Talk:Kimberly Brooks: Problem Solving Strategies in a Math Classroom


-- Katie Sheehan (talk) 16:47, 27 April 2015 (EDT)

Hi Kim,

The course looks very well developed! I really enjoyed how you talked about problem solving as an essential skill in math and then had the students discuss their thoughts on the matter. There were two things I was considering as I analyzed your mini course. One was where the discussion happens, perhaps inform students at the beginning of the unit and/or course that they will need a gmail account in order to discuss with peers. The other thing was including an article that touches upon problem solving in mathematics. Overall, I thought your unit was great!


-- Bobbi Scirbona (talk) 01:43, 3 May 2015 (EDT)

Bobbi Scirbona

Hi Kimberly,

I think you are off to a good start with your mini-course. I think you have some excellent activities planned (as discussed on your portfolio page) In particular, I like the idea of including peer assessment of lesson plans. Below is my evaluation based on the rubric provided.

1. Learning Objectives - (8/10) I think your course objectives clearly express the overall goals for the participants. The unit level objectives seem very similar, and you may want to include a performance component.

2. Content-goal consistency - (8/10) Your mini lecture component is informative, but you may want to have participants look at some outside resources to build on the learning experience. It is unclear of participants should be doing outside reading, perhaps from your resources list.

3. Instructional Sequencing - difficult to evaluate definitively at this stage, but it looks as though you have developed a logical sequence for instruction as described in your mini-course welcome statement.

4. Engagement and Interaction - (8/10) Good prompts for discussion topics. You may want to consider including some specifics for discussion requirements that include number of posts, length, etc.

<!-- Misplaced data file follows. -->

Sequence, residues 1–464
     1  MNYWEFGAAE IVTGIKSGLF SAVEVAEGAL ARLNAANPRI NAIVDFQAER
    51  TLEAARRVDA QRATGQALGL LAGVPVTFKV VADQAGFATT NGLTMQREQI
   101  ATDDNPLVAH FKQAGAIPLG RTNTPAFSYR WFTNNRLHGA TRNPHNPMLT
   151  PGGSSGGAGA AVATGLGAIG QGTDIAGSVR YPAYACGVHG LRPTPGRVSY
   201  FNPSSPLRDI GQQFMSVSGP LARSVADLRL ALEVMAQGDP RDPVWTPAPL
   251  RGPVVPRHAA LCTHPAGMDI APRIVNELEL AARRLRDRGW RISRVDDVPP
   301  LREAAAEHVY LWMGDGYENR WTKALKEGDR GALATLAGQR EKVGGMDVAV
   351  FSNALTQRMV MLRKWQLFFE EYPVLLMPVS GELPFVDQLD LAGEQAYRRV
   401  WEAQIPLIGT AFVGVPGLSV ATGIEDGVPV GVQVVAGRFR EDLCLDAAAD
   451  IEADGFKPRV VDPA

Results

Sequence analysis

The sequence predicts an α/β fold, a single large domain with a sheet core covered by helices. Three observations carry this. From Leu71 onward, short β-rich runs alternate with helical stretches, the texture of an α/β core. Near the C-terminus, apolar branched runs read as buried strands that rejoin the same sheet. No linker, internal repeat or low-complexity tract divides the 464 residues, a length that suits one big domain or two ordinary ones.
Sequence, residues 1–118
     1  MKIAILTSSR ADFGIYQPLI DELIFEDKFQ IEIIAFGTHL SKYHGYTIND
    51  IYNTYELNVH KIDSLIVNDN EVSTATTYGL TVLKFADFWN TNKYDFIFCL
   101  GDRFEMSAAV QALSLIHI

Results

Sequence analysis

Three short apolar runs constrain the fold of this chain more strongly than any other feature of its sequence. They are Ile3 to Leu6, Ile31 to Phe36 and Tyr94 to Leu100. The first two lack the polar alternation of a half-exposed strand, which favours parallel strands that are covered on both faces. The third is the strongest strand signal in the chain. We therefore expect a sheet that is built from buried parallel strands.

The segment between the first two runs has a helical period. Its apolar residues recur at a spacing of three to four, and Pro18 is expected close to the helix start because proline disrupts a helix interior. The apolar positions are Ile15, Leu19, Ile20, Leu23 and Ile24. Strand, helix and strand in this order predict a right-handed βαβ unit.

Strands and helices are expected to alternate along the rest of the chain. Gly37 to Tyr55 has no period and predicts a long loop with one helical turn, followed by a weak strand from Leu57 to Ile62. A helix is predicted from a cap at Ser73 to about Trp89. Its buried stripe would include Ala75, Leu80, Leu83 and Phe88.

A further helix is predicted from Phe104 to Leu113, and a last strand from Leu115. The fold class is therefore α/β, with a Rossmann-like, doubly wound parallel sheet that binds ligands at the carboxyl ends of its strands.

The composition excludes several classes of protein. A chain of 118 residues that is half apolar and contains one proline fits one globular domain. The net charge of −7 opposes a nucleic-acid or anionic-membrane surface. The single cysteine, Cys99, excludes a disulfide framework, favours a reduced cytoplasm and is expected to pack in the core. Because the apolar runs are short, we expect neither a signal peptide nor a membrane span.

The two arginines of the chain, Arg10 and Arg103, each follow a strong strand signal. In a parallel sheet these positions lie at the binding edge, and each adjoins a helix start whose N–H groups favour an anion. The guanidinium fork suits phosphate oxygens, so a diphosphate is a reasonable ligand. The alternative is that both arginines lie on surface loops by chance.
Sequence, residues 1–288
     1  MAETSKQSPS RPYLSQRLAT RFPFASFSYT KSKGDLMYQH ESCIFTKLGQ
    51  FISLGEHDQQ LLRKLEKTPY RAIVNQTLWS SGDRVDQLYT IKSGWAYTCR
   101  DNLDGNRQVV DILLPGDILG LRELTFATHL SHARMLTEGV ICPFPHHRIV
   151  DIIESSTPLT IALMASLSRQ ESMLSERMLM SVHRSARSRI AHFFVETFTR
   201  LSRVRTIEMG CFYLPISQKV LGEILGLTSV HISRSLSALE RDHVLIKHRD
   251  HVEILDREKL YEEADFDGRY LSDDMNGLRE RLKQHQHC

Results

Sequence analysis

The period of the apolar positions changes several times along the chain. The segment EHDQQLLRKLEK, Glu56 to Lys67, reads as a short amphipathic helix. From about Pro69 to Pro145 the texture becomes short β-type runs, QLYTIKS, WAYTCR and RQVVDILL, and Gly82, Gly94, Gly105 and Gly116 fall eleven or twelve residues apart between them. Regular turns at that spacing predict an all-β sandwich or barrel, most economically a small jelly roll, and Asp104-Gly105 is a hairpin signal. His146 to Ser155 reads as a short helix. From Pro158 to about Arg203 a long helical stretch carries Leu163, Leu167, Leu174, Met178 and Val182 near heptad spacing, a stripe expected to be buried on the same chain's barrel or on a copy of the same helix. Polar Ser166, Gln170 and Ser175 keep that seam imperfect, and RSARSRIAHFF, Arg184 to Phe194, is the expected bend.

5. Technical Quality - (9/10) Links provide easy navigation. You may want to add a link to navigate from the lesson page back to the mini-course home page. Pictures would enhance the lesson pages.

6. Extended resources - Consider adding an optional reading/resource list as you continue to develop your mini-course.

-- Melissa Connor (talk) 15:09, 3 May 2015 (EDT)

Your mini-course (or case study report) (80%)

Learning outcomes (8/10): I think you need to revamp your unit objective using more performance based terms. I also think you should have the same objectives on your portfolio page- the wording was a little different.

Content-goal consistency (8/10): For the first unit, I think the mini-lecture area should site some recent research related to the unit-level objectives.

Instructional sequencing (8/10): I am also curious to see where you go with the next unit because it seems closely related to the first unit. I am not sure how you will differentiate between "the benefits" and "the importance" of problem solving skills.

Engagement and interaction (8/10): It is hard to assess at this point of the design process. I think you are off to a pretty good start. I think the questions to be discussed for the google discussion should be clearly stated.

Technical quality (7.5/10): Add pictures and links as shortcuts to move through the course easier.

Extended resources (?/10): TBD- difficult to determine at this point but this can be done as you complete the development.

Overall, good start.

Instructor comments on your mini-course -- Jz833665 (talk) 11:47, 4 May 2015 (EDT)

Hi Kimberly,

You've drafted the whole course structure/overview and unit 1 in a solid way. Two possible areas you can improve: (a) engaging the participants: your course addresses the important need of teachers to understand the nature of problem solving in relation to the real world, and the need to help students develop specific skills for problem solving. You may engage the participants' interest by beginning with a classroom case/scenario showing students have certain troubles to solve problems, esp. authentic problem. In the end/or during your units, you may revisit this case based on the content learned, to come up with plans to better help students in problem solving.

(b) Considering making your content more engaging and accessible by providing/analyzing examples and using media such as images.